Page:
3.2.3 Steps

Total daily number of steps and minute by minute number of steps were recorded in the Fitbit dataset. To measure the variability of participants’ physical activities, we computed the mean and SD to indicate step variability across the previous 7, 5, and 3 days. Excluding the sleep time, we counted the minutes of: (i) duration of segments without steps (stationary segments) and (ii) duration of segments with continuous steps (active segments) in 1-min bins. We used the following information entropy equation to calculate the entropy of the two types of physical activity based stationary and active segments:



represents the probability that the

item was observed.

3.2.4 Work

Work schedules and work hours are directly related to symptoms such as sleep disorders and chronic fatigue [4]. Also, excessive work hours are harmful to workers’ health and wellbeing [12]. We engineered work related features such as daily work shifts, total work duration per day, and overwork duration in minutes according to participants’ answers in the questionnaires. There were three different work shifts, and each shift was for eight hours (1: 8:30-16:30, 2: 16:30-0:30, 3:0:30-8:30). Total work duration was actual work time, and the overwork duration was the difference between the actual work hours and the scheduled hours.

3.2.5 Caffeine, alcohol and drug use

Considering caffeine, alcohol, and drug intake affects workers’ alertness [29, 35], we computed features related to the intake of caffeinated drinks, drug, and alcohol based on the participants’ reports: the number of caffeinated drinks per day, and a binary feature for indicating whether the participant had drug or alcohol each day.

3.3 Statistical Analysis Of Physiological And Behavioral Features Between Nurses And Doctors

We applied statistical tests to analyze the differences of physiological and behavioral features between two groups, nurses and doctors. Seventy-seven days of data were in the group of doctors, and 164 days of data were in the nurses’ group. Between 2 groups, we compared the numeric features such as daily average heart rate, steps, and overwork time using Mann-Whitney U test (non-normally distributed features)


and Welch’s t-test (normally distributed features)

[46], whereas the categorical features such as awakening types and working shifts were compared with chi-square test [30].

3.4 Job-role Based Multitask Multilabel Neural Network

Neural networks have been widely used in various areas, including face detection

[36], mood, health, and stress prediction [42]. These previous outstanding works showed that the design of neural network structure needs the consideration of unique characteristics of data sets used in different applications. As discussed briefly in section 1, in this work, we considered two important aspects: (1) different distributions in health and wellbeing labels based on our participants’ demographic information and (2) correlations among health and wellbeing labels. We observed differences in the distributions of self-reported health and wellbeing labels from two job roles, nurses and doctors. Also, there are correlations among the five labels. The details of the data statistics will be discussed in section 5.1.

To learn different representations corresponding to participant job roles, we applied a multitask learning method, which divided tasks according to participants’ job roles. Furthermore, as another form of multitask learning, we used multilabel learning for considering different health and wellbeing labels as tasks. In this way, the model would also fit the correlation among labels. In this work, we designed a job-role based multitask and multilabel neural network model that leveraged user demographic information and correlations among labels at the same time. Figure 1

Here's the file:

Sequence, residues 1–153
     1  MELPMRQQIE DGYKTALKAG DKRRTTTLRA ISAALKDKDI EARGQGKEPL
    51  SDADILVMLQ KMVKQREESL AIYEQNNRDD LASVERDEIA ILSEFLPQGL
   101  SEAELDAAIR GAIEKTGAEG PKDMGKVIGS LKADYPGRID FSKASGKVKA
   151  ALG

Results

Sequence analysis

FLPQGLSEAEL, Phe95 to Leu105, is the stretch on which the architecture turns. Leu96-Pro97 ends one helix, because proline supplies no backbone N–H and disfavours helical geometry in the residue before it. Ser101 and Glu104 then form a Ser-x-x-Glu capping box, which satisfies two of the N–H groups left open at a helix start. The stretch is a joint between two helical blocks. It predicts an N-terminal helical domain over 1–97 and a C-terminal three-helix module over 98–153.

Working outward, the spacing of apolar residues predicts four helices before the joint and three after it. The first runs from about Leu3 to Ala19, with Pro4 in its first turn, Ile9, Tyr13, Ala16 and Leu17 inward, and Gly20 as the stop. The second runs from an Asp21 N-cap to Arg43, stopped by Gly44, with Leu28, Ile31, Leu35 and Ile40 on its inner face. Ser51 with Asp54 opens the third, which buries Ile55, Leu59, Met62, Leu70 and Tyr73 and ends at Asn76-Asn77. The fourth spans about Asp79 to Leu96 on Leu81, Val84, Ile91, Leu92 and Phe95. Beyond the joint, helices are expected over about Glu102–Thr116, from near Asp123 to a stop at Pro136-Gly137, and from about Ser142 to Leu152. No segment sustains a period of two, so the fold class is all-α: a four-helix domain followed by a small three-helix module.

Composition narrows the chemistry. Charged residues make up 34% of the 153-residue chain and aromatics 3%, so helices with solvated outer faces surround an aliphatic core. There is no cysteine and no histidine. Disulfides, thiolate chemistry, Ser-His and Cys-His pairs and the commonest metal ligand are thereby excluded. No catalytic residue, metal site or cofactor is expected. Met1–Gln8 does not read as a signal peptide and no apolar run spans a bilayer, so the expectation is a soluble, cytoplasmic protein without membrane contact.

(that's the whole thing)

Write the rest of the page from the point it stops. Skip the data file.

shows a simplified version of our model. When training the model, there might be redundant features in our input data that would not help health and wellbeing prediction. In contrast, some non-linear combinations of features might improve our model performance. Thus, we applied a one-dimension convolutional neural network (CNN) layer to extract auto-features from our inputs. As shown in Figure


, we designed convolutional kernels to learn higher-level features across every day feature vectors: 32 row-wise convolutional kernels embedded 32 channels of new features. Then, the CNN extracted features were fed into the multitask neural network. The shared layers in the network learn the representation from all participant data, and the divided branches of the network structure learn the representation independently from participants in different job roles, nurses and doctors. When doctors’ data are fed into the model for training, the weights of loss and optimizer of the nurse branch will be set to 0, and vice verse. Furthermore, each branch of the network outputs all five labels (alertness, happiness, energy, health, and stress) from the shared network layers. Therefore, the outputs of our model simultaneously provide the prediction of all five labels for nurses and doctors. The batch loss function of our model can be represented as:


Where and represent the input data and the expected output target, respectively. is mean squared error loss in regression tasks and cross-entropy loss in the classification tasks.

Figure 1: A simplified version of our job-role based multitask multilabel neural network. Convolutional neural network kernels are applied for extracting high-level features. Our health and wellbeing prediction is designed for nurses and doctors using a portion of the network trained only using data from either nurses or doctors. Shared layers learn representation from all participants. The final output layers provide the prediction of all five labels simultaneously.

4 Experiments

Our tasks are formulated in two ways for evaluation: regression and classification tasks. The regression task is to predict the next day’s health and wellbeing scores, each in the range of 0-100, whereas the classification task is to predict next day’s high/low (binary classification, defined as 100-51, 50-0) or high/mid/low health and wellbeing levels, and high/ mid/low (3-class classification, defined as 100-67, 66-34, or 33-0). Our models use the wearable and survey data up to and including the current day for predicting nurses’ and doctors’ next day health and wellbeing labels.